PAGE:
1-4 The Strategy Of Jesus
The Lord Jesus worked through individuals. His strategy was not so much
to win the multitudes for His cause as to firmly found the faith of a
few women and 12 men who would then take His message to the world. The
men He chose were like us- impulsive, temperamental, easily offended,
burdened with all the prejudices of their environment. Their mannerisms
were probably awkward and their abilities limited. But He prayed for them,
as we should for those converts the Lord grants us, “not for the world”
[perhaps, not so much for the world as for] those few whom the
Father had given Him out of the world. Everything depended upon them,
for “through their word” the world was to believe (Jn. 17:6,9,20). With
all the powers of the universe at His command, the Lord could have chosen
a programme of mass recruitment. But He didn’t. They were to follow Him,
so that later they would become fishers of men on a larger scale than
He chose then to work on (Mk. 1:17). They would later bear witness
because they had been with Him from the beginning (Jn. 15:27). In the
few years they were with Him, those men learnt of Him. During that time,
they showed a reluctance to learn the spirit of lowly servitude for the
sake of others, they bickered amongst themselves as to who was greatest,
they showed an indignant spirit with James and John, intolerant of their
evident weakness; they were unnecessarily harsh in their judgment of those
who did not agree with them (Lk. 9:51-54), impatient with the women who
wanted their children blessed…and yet Jesus patiently endured with them.
And it was a totally different group of men who then took the Gospel to
the nations. He not only taught them doctrine, but urged them to commit
their lives to Him who was the doctrine in flesh. Their role model was
Him more than a set of propositions. He let them watch Him praying to
His Father. He wanted them to learn the power of prayer from His own example.
He taught the multitudes more, it seems to me, from a desire to teach
the disciples something. He rejected the rich young man and then went
on to explain to the twelve the difficulty of riches. Initially they simply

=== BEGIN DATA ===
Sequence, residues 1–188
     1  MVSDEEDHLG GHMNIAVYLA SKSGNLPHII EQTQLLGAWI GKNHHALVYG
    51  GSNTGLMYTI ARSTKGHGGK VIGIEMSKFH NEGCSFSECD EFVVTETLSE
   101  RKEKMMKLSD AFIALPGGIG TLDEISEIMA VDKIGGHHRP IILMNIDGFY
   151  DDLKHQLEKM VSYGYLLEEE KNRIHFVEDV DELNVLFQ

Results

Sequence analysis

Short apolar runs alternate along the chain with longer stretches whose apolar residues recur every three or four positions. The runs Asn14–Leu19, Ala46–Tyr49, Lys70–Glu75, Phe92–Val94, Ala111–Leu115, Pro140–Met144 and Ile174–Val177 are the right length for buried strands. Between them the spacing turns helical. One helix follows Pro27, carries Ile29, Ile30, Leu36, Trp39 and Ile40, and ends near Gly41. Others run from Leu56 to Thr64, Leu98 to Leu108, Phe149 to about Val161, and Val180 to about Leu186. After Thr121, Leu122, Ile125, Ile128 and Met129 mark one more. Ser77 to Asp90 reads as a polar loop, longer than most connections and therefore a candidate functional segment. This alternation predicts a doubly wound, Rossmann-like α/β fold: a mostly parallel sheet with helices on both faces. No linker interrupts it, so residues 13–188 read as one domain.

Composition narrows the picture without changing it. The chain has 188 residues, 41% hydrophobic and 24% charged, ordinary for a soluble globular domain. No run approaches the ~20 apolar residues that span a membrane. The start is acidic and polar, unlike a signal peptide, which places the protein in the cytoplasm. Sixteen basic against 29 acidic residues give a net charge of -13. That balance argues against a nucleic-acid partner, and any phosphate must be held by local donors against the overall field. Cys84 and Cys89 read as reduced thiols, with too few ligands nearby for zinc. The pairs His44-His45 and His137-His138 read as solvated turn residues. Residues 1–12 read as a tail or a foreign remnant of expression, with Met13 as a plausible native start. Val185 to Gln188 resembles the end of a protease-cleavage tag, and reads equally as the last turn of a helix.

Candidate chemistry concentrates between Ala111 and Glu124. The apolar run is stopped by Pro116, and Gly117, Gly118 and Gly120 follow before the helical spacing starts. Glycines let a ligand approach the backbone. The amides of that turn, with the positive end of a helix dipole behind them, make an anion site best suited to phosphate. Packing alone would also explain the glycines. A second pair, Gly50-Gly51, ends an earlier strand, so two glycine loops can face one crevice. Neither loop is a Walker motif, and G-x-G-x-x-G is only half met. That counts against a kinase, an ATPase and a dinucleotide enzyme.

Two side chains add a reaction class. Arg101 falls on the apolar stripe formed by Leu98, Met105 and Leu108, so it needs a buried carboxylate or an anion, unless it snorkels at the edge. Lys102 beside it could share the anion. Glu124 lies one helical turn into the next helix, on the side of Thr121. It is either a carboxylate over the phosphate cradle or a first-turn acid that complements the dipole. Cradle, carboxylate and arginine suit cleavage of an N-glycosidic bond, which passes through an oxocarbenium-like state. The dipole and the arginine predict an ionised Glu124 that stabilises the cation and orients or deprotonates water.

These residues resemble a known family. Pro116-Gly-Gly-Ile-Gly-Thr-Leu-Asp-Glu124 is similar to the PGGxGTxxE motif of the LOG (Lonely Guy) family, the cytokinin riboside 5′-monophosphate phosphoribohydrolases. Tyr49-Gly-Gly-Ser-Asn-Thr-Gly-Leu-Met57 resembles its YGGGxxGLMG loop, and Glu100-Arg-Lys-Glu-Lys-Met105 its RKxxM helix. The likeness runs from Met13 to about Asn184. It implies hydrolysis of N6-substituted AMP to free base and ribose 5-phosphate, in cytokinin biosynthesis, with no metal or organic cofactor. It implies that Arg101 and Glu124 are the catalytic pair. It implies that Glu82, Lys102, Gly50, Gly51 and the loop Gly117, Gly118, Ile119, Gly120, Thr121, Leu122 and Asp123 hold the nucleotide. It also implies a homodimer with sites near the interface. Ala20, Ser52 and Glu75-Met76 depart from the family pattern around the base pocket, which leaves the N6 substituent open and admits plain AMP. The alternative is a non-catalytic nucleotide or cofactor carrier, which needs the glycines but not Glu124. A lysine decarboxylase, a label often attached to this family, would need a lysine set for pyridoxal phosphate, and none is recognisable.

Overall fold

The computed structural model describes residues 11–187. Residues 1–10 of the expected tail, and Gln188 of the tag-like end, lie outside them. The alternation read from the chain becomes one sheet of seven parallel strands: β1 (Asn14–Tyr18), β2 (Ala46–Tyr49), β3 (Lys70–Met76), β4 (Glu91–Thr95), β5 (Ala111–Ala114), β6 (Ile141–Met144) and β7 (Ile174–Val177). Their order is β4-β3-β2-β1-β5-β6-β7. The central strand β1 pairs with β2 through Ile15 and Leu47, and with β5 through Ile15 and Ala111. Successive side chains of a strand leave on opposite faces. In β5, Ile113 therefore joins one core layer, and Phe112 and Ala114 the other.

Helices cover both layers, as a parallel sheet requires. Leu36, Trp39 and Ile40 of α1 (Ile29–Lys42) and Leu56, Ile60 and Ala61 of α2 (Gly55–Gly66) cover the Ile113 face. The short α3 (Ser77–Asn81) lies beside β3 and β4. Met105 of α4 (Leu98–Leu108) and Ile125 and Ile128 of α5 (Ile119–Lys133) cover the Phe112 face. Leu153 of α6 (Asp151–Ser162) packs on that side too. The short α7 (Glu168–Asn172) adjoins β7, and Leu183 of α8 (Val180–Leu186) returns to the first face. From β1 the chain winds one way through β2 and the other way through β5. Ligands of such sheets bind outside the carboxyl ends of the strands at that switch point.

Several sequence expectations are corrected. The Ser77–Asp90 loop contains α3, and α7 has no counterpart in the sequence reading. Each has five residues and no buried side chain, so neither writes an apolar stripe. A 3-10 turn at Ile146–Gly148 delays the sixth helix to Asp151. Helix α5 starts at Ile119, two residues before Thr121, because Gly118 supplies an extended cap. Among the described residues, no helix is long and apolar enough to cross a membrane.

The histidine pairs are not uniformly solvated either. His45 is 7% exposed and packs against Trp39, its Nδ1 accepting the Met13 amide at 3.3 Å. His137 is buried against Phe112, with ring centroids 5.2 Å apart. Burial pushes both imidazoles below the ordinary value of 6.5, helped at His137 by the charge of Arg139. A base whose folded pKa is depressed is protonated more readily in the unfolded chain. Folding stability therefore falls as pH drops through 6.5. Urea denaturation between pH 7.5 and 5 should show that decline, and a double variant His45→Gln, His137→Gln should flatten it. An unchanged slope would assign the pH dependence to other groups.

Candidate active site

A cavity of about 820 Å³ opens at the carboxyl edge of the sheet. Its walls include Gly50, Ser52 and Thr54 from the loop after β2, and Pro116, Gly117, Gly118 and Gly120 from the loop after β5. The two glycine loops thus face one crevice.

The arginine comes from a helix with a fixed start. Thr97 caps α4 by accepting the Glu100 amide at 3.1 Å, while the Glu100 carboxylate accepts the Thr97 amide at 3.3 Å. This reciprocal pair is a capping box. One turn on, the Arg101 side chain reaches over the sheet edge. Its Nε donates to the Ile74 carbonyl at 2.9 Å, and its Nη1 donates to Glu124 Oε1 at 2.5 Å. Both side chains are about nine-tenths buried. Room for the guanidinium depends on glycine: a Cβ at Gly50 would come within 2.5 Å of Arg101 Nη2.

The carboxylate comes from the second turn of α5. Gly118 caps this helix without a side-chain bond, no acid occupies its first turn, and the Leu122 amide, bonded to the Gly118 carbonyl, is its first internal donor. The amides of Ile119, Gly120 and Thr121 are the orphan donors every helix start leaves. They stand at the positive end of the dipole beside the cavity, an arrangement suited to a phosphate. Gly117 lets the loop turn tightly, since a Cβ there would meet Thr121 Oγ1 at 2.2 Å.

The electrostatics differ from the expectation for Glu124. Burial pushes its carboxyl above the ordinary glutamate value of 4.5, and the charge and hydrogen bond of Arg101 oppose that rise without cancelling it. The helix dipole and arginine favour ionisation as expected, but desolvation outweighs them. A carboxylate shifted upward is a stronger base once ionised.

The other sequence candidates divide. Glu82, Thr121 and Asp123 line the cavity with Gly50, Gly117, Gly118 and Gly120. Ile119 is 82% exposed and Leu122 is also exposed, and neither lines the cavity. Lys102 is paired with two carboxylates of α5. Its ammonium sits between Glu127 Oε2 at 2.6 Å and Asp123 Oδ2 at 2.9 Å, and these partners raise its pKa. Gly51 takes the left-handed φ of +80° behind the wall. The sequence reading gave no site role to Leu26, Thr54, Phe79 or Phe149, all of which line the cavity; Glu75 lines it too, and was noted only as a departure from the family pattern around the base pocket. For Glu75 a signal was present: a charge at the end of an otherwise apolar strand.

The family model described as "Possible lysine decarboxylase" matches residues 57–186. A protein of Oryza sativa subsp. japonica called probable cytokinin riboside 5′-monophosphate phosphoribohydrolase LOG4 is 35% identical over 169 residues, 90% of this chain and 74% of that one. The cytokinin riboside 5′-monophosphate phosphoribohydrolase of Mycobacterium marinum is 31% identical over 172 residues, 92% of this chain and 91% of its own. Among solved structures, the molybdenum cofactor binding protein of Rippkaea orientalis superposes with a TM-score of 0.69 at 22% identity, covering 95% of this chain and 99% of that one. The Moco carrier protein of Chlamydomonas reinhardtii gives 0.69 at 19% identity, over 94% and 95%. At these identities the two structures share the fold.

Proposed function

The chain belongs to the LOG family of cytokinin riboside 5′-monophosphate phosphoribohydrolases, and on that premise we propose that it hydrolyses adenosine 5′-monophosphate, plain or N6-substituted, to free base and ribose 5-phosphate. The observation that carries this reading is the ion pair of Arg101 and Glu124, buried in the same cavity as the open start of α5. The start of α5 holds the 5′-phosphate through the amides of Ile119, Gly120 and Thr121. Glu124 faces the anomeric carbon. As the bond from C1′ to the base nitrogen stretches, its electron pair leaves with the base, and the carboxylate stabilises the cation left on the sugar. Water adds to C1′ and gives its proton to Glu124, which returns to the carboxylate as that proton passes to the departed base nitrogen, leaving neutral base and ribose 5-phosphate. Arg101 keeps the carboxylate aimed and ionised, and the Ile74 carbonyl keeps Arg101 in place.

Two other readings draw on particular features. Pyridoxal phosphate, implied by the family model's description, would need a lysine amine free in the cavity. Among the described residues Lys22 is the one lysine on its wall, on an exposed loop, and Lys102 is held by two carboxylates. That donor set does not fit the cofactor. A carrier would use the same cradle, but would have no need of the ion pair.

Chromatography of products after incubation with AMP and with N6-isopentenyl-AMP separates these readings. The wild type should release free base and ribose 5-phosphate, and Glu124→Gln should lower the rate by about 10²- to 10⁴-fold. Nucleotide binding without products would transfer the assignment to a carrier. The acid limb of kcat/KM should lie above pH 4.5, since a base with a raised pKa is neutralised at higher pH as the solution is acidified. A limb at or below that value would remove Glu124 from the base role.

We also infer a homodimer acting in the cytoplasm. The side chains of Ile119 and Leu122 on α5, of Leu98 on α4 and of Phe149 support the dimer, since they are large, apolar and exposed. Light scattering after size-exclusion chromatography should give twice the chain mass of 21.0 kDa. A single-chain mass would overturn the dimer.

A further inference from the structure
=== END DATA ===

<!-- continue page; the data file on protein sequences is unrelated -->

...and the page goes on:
watched Him. And only on His third tour of Galilee did He send them out
two by two to preach themselves. In our desire to develop communities
world-wide ready to meet the Lord when He returns, surely this approach
should be used by us too. We need to focus upon who the Lord gives us,
develop them, deepen their faith, in the belief and hope that they in
their turn will take the message to far more than we ourselves can reach.
Paul’s strategy appears to have been similar. He constantly sets himself
up as an example to his converts; and whenever he bids them ‘follow me’,
it is in the context of his example as a preacher (Phil. 3:15-17; 4:9;
1 Thess. 1:6; 1 Cor. 4:16; 10:31-11:1; Eph. 5:1; 1 Thess. 2:14; 2 Thess.
3:7-9). This perhaps accounts for the otherwise surprising lack of specific
encouragement to his converts to preach which we observe in Paul’s writings.
He understood his role to be initiatory- he speaks of his preaching as
planting (1 Cor. 3:6-9; 9:7,10,11), laying foundations (Rom. 15:20; 1
Cor. 3:10), giving birth (1 Cor. 4:15; Philemon 10) and betrothing (2
Cor. 11:2). His aim was for his converts to also preach and develop self-sustaining
ecclesias. “Paul’s method of shaping a community was to gather converts
around himself and by his own behaviour to demonstrate what he taught”,
following a pattern practiced by the contemporary moral philosophers(1).
Thus Paul’s personal example could hardly be distinguished from the gospel
he taught (1 Thess. 2:1-12)- he was his message, just as the Lord was
His word made flesh. This is why ‘authority’ and respect are things which
are earnt naturally in a community by those who have converted the community.
It is hard to impose these things from outside the conversion experience.
(1) A.J. Malherbe, Paul And The
Thessalonians (Philadelphia: Fortress, 1987) p. 52.